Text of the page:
As you can see, produce is getting kind of scarce this time of year. I’m beginning to fall back on my old stand-bys, whole grains (well pseudo grains), nuts and dehydrated fruits and vegetables as well as canned and frozen. We’ve loosened up Superhubs’ carb count just a wee bit since he started back on insulin. LADA diabetes is not well understood but he seems to be doing much better on the low dosage of insulin and upping his “slow carbs”. I’m using a little more beans, sweet potato and quinoa, bringing his total daily net carb count back to 80-100. We’ll visit with the endocrinologist next week but I am hopeful that this diagnosis may well improve his quality of care.

How’s your week been? Did you get a flu shot this year?

Til next time ~Peace ~JPP

Spoonie Retirement – Life, love and Autoimmune Diabetes in the time of Covid

Last week I kind of got off the Seasonal Eating Theme due to a holiday-stress-induced philosophizing tangent. *snap out of it JP, Winter is Coming* (pun intended). We got word this past week that Superhubs does indeed have LADA (Latent Autoimmune Diabetes in Adults) or type 1.5 diabetes. What the heck is that? Good question and not a lot of answers. Type 2 diabetes is more of a metabolic disorder where the body cannot properly utilize the insulin that is produced. Type 1.5 is an autoimmune disease where the immune system kills off the beta cells that produce insulin. Both types develop in adulthood and are slower onset than type 1 diabetes. We meet with the endocrinologist next week and will find out then how or if this affects our dietary plan. Superhubs’ primary care doctor has already started him back on insulin and the results are pretty encouraging.

Anywho, back to seasonal/local eating. Last week’s CBA box (Community Based Agriculture) included a local pasture raised chicken which we roasted up for our Thanksgiving feast. It being just the two of us the bird has fed us for a couple of days with plenty of good broth and bits left over for salads and soups this week. Our CBA box this week included:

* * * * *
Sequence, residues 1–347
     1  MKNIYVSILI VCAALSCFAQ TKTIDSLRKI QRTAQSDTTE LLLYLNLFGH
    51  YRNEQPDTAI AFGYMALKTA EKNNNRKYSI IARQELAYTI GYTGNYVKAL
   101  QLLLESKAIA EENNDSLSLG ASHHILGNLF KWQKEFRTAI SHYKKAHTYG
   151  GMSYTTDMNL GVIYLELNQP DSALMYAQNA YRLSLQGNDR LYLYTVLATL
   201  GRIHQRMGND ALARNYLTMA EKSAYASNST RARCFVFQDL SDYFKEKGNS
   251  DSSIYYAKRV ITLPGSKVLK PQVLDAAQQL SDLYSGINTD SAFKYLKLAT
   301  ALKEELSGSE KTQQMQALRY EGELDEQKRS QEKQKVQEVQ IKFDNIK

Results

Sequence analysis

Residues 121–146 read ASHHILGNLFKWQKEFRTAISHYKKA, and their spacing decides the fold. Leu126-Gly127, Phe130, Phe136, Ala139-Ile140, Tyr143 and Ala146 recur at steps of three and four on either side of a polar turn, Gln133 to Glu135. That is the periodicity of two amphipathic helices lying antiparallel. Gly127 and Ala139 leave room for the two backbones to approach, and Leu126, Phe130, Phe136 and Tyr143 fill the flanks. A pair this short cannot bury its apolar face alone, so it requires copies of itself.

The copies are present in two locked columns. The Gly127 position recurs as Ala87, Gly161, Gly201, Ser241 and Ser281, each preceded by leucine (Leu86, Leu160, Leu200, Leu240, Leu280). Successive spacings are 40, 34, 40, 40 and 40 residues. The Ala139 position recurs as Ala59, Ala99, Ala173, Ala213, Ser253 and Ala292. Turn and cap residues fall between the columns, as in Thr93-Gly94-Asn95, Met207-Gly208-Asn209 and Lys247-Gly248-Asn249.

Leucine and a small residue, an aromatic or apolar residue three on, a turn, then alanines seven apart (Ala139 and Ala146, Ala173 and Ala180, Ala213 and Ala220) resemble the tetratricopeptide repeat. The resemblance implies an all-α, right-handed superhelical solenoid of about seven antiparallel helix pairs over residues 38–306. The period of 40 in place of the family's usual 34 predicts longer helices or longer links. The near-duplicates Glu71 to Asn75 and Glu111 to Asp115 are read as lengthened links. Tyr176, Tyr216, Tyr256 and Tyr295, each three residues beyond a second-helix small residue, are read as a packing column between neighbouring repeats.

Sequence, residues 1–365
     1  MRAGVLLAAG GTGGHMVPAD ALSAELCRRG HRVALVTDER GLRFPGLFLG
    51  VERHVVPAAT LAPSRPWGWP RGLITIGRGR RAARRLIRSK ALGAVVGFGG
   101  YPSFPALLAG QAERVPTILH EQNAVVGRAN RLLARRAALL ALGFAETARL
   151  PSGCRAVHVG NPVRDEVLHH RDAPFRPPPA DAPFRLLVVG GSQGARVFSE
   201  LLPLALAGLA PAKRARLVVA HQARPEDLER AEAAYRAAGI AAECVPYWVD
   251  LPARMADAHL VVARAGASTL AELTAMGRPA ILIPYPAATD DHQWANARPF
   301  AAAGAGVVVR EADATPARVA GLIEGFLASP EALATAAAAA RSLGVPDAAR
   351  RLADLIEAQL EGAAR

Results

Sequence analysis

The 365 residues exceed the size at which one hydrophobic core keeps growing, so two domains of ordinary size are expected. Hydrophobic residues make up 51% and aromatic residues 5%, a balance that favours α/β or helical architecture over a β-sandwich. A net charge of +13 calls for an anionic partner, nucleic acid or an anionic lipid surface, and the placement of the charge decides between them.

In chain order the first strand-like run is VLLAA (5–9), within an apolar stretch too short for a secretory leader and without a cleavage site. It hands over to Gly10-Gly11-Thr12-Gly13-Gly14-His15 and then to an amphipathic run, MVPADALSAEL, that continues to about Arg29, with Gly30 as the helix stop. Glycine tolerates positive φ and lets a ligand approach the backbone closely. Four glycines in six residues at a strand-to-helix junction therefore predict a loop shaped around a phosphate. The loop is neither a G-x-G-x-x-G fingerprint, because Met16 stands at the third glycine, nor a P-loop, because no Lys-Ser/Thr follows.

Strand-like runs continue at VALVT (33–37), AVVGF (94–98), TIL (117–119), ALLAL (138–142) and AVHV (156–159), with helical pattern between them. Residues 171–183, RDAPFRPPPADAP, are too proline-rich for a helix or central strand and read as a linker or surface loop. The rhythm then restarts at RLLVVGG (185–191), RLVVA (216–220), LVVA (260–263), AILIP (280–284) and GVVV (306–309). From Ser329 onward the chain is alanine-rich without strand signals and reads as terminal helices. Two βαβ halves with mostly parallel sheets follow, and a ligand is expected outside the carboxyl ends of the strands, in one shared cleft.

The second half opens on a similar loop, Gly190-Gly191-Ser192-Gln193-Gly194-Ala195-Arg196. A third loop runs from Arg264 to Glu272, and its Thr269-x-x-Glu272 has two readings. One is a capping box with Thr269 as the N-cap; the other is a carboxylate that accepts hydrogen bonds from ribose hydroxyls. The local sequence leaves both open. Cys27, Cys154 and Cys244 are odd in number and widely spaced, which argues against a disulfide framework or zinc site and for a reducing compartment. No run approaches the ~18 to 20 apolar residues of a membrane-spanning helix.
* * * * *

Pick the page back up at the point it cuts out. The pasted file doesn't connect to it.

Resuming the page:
*Fresh Produce:
1 head of butter lettuce from a local hydroponic garden
1 small head of green cabbage from local farm
1 Yak sirloin steak (yes you read that right Yak like the big hairy cow)
1 dozen extra large eggs from a local farm mixed brown and white
6 oz local dairy cheddar cheese curds
*dried goods/spices/teas
1 bag dried apple slices from local farms

The uses are pretty obvious this week. The lettuce goes for salads and taco cups, the cabbage will get fried for a side dish and used in soup. Those beautiful eggs will make wonderful breakfasts and some egg salad for lunch. The cheese curds will adorn my luncheon salads (Superhubs is dairy free). The dried apple slices will be used for snacks and some cooked up with left over raisins from the pantry for a yummy pancake topping.

What I’m watching right now:

Til next time ~Peace ~JP

Happy Thanksgiving – How to Stuff a Turkey

From my polyvore collection

How to stuff a turkey

The plan:
Melt a stick of organic unsalted butter in a small saucepan with the juice and zest of one lemon and one tablespoon of fresh thyme leaves from the garden. Take the giblets out of the turkey and wash the turkey inside and out. Remove any excess fat and leftover pinfeathers and pat the outside dry. Place the turkey in a large roasting pan. Liberally salt and pepper the inside of the turkey cavity. Stuff the cavity with a bunch of thyme, halved lemon, quartered onion, and cloves of garlic. Brush the outside of the turkey with the butter mixture massaging gently and sprinkle with salt and pepper. Tie the legs together with string and tuck the wing tips under the body of the turkey. Pour a cup of hot spiced wine and relax while turkey cooks.

Grab turkey giblets bag and yank out of turkey along with a liter of frozen turkey blood & guts. Swear profusely when the giblets bag hits the floor with a splat and breaks open. Gulp hot wine, burning tongue in process swear profusely. Shove gibletless turkey into sink and grab a roll of paper towels and bottle of spray cleaner. Grab a bottle of chilled wine, pour a glass to fortify your constitution and cool your burned tongue. Squirt leftover lime juice from margarita night into turkey butt and toss in a handful of italian seasoning. Glass another pour of wine. Rub a stick of margarine over turkey, sprinkle liberally with every dried spice you have, shove rest of the butter up the turkey butt. Giggle inanely about “turkey butt.” Another wine of glass get. Ponder meat thermometer and whether or not to shove it up turkey butt. Wrink some dine. Put turkey in oven. Boddle empty, grab another. Remember to turn on oven. Roast self with another winey. Turk the bastey, wine the drink. Cook for 4 hours, remove the oven from the turkey. Fick up the purkey off the tloor, invent new curse words. Grab another wottle of bine, pour a glass of turkey. Turk the carvey thing, set the table. Look around in state of confusion when no one arrives at the appointed dinner hour. Pour cup of hot wine, add ice. Ponder the meaning of “daylight savings time.” Look at phone buzzing in hand, text message “want pizza for dinner? Wednesday night special?” Drop phone.